3Qs: Rick Snyder, MSU Extension horticulturist

SNYDER

SNYDER

Spring is gardeners’ season of anticipation. Daily Journal reporter Errol Castens visited with Mississippi State University Extension Horticulturist Dr. Rick Snyder about priorities for the area’s vegetable gardeners.

Q: Many Southerners plant on Good Friday, but that misses early opportunities. What does March offer gardeners here?

A: Vegetable gardeners have some good choices for cool-season crops. All kinds of greens, leaf lettuces, carrots and radishes can be planted right now.

Also, think about planting sweet corn – or a succession planting of it. Early sweet corn has a much better chance of avoiding those nasty earworms and tip worms.

Hold off on setting in tomatoes, peppers, eggplant, squash, cantaloupes, etc., until frost is out of the forecast.

Q: What are some must-have vegetables for home gardeners?

A: Gardening should be a fun and creative activity. Most people tend to plant the same vegetables every year. Plant based on what you and your family like to eat, the size of your family, and whether you are growing for fresh consumption or for canning and freezing.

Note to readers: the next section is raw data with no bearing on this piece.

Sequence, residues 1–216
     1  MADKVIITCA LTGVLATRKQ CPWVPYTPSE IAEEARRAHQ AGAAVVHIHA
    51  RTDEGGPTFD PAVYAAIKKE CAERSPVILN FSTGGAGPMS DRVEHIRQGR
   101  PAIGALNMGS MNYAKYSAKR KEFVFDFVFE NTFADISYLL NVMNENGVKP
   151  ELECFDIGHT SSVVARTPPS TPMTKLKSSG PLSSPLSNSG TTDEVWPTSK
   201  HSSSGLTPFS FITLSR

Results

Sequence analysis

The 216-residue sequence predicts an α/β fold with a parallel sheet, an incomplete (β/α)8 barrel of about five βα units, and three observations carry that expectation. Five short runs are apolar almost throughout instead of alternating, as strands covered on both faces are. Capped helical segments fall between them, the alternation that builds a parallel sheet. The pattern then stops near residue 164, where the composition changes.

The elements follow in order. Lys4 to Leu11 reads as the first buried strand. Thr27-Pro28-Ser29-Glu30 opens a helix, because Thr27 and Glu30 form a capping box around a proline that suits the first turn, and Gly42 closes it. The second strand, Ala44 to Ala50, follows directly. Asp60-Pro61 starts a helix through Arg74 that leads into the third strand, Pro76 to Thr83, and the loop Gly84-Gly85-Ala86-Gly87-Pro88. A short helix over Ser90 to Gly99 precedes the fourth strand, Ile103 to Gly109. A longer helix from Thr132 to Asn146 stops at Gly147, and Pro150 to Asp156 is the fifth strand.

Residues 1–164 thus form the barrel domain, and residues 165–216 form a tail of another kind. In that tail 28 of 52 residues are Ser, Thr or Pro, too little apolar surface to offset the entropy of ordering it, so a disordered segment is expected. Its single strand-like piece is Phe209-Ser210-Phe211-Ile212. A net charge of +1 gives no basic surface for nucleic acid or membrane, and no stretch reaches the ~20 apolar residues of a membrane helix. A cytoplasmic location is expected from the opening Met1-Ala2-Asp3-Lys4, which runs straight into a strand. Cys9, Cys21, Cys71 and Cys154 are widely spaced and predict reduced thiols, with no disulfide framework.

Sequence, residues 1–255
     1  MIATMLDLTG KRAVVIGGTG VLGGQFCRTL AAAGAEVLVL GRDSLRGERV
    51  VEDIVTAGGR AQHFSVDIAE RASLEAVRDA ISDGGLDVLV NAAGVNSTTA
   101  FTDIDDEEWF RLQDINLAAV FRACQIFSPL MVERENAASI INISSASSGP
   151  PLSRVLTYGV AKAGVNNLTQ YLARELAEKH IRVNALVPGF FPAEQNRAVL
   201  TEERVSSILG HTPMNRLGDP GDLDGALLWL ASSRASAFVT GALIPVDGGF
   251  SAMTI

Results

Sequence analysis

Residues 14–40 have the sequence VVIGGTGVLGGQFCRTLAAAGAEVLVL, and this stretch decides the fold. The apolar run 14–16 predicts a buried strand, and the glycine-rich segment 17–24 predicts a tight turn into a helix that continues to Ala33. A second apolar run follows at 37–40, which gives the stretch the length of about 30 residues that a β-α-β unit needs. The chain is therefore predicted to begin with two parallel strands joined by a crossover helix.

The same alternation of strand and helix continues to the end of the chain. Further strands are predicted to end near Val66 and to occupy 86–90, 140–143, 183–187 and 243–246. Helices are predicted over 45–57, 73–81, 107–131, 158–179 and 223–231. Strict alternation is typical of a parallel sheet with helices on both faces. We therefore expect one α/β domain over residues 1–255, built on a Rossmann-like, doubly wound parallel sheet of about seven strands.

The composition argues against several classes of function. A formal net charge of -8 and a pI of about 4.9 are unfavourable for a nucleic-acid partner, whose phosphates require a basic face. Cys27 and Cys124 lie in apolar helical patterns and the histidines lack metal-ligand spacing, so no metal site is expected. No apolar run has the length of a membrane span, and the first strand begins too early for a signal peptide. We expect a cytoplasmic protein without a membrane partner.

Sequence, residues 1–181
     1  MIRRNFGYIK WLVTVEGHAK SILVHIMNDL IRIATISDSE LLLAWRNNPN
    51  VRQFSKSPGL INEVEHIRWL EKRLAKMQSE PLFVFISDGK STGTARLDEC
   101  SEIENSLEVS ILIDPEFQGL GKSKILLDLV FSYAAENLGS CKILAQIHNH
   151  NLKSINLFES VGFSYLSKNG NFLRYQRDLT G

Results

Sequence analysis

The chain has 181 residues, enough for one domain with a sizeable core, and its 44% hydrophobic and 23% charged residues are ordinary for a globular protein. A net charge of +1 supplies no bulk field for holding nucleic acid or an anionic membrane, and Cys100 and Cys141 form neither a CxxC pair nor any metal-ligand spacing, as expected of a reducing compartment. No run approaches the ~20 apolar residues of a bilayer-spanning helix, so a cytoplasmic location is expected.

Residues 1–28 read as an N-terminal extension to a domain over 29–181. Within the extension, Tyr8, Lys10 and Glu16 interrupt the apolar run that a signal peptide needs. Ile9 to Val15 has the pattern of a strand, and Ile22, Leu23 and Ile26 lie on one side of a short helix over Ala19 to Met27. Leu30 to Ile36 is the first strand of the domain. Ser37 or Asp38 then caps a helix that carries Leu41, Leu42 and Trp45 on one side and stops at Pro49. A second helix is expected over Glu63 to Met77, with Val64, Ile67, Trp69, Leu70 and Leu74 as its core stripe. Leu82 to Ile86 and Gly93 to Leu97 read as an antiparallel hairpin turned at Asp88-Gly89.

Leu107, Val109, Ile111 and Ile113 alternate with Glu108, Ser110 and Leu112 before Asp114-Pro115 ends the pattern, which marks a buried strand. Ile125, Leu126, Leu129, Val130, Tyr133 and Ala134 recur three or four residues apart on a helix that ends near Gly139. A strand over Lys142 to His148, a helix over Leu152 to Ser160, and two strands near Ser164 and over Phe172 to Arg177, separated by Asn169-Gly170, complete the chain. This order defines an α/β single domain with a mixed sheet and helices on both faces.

If you want to try something different, think about these “oddball” vegetables for 2014:

• Kohlrabi – This is closely related to cabbage, cauliflower, broccoli, and Brussels sprouts, but the part of the plant you eat is a swollen stem just above the soil line. It tastes a lot like cabbage.

• Swiss chard – This leafy green is cool weather tolerant, so you can plant early. Eat it like spinach or turnip greens.

• Beets – They are an easy-to-grow root crop, like radishes or carrots, that do well in cool soil. In addition to the delicious red (or gold) root, the leaves are also very tasty cooked like other greens.

Q: Most of us have limits on space, money, energy and/or time. How can we make our gardening more efficient?

A: Select the vegetables that you most want to eat, and plant a reasonable amount of each. If you can’t harvest at least every other day, don’t plant summer squash or okra. Tomatoes are great but will take time to prune (sucker) and stake.

With limited space, avoid space hogs like sweet corn, pumpkins, watermelons, and cantaloupes. Leaf lettuce, greens, carrots, snap beans, etc., can be very productive in a small space. Consider container gardening.

To save money, plant as much of your garden by direct seeding as possible, or raise your own seedlings.